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  • Debbie Pickles

Let’s get physical – Hop, skip, jump…it’s time to get the kids active!

How physically active is your child? In a digital world where children are spending more and more time looking at screens and less time playing outdoors, the problem of childhood obesity is becoming a growing concern in the UK. It is therefore extremely important to encourage a healthy and active lifestyle from a young age to try and reduce inactivity in children.


Benefits of being active

  • Improves cardiovascular health

  • Contributes to healthy weight

  • Supports social skills

  • Develops movement and co-ordination

  • Gives children the opportunity to learn new skills and teaches them important life skills

  • Strengthens muscles and bones

  • Helps to develop coordination

  • Enhances concentration and learning, which increases productivity and success

  • Makes children feel good and elevates their mood

  • Inspires positivity and encourages tolerance

  • Helps to relieve stress and maintain mental and emotional wellbeing

  • Improves sleep and energy levels

  • Improves overall health and fitness and helps children maintain a healthy weight to prevent childhood obesity



Children capable of walking, running etc unaided should have 120/150 minutes of physical activity per day, this includes indoor/outdoor play, moving around play areas and home.


Children should not be sedentary for long periods of time other than when resting/sleeping and eating. Periods of physical activity should be broken into small sections throughout the day.


Physical activity can be planned or unplanned such as free play in the garden or structured football session, swimming lessons etc.


Activities for Toddlers and Pre-school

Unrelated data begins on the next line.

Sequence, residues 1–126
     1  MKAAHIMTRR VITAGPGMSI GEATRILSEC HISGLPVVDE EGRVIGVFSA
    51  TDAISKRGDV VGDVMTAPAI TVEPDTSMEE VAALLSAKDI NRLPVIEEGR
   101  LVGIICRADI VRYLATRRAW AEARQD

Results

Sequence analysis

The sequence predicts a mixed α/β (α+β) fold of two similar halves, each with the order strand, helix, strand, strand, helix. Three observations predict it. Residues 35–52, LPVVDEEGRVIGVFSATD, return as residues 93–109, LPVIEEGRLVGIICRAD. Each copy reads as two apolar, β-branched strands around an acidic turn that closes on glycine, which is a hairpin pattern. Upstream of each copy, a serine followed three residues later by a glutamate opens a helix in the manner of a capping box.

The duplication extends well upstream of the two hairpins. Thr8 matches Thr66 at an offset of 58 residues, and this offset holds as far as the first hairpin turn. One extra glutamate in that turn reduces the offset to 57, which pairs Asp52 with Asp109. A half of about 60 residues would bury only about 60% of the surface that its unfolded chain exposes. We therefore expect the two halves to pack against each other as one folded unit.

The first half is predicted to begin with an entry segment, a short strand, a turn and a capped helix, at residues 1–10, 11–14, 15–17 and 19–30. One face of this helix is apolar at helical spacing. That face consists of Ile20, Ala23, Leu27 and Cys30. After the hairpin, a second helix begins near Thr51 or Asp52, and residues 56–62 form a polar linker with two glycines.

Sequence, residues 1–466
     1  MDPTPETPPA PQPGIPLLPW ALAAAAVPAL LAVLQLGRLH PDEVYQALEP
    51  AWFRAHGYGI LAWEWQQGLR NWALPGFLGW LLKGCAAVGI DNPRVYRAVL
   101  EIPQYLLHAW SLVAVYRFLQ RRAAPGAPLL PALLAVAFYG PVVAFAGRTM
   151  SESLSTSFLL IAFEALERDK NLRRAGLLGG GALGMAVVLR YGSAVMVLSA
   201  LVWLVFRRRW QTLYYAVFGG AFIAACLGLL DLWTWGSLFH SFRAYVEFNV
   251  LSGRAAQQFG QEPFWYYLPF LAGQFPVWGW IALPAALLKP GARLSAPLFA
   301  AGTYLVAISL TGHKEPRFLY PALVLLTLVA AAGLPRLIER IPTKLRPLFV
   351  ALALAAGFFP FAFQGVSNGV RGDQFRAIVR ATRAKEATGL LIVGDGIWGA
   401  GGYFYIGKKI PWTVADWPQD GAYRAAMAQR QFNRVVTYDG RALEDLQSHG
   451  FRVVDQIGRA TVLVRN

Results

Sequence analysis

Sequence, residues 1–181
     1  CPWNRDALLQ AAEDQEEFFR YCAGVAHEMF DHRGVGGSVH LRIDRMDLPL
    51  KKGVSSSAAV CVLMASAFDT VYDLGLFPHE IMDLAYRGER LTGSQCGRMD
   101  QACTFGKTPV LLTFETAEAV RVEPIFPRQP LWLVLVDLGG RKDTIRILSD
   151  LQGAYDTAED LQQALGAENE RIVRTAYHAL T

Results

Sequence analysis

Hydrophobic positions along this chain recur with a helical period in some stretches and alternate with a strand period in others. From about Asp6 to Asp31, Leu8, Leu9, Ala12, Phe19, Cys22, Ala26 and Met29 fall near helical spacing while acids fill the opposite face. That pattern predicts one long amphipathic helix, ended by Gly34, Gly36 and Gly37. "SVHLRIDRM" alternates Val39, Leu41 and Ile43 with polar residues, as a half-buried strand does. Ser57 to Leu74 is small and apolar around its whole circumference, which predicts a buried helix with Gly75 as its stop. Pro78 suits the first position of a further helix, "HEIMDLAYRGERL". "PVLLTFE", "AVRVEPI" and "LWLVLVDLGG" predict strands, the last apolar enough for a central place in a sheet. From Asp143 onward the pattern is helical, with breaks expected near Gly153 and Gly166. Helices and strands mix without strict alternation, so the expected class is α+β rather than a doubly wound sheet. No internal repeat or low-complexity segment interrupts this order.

• Walking

  • Park activities

  • Swimming

  • Climbing

  • Playing on the park

  • Riding bikes and scooters

  • Dancing to music

There are lots of activities for children to be active, these are just a few ideas.

Physical activities for babies and non-mobile children.


Physical activity should be encouraged from birth through floor/knee based activities, allowing babies to stretch out and kick legs encourages muscles and bones to develop. Water activities such as bath time and swimming are good forms of physical activities for babies. Massage for young babies is good for stimulation and encourages movement.



Tummy time for short periods encourages babies to develop skills for rolling, crawling and eventually pulling themselves to walking. This is also important for interaction and social skills.


Reducing time in infant carriers or seat helps increase time they have being physical, and children should be encouraged to walk instead of being pushed/carried wherever possible. Baby walkers or bouncers should only be used for short periods as this limit free movement.


If your child is being active with you and you find an activity you all enjoy as a family, this will also benefit you as a parent, being active especially outdoors in the fresh air will improve your own mental health and well being making some of the more routine activities such as bedtime less challenging and more enjoyable.


Try the physical challenge and enjoy the benefits of less stress and lots of laughter, feeling healthier and having lots more energy to play with your child.



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